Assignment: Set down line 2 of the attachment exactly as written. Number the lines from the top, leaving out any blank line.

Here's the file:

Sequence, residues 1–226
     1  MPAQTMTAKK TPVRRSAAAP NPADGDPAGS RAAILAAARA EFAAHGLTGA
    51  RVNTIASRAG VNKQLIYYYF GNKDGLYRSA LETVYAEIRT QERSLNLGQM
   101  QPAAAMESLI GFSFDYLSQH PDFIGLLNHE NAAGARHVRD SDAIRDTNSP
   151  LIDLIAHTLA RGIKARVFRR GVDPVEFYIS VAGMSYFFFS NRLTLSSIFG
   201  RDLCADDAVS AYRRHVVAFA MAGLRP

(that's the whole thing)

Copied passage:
     1  MPAQTMTAKK TPVRRSAAAP NPADGDPAGS RAAILAAARA EFAAHGLTGA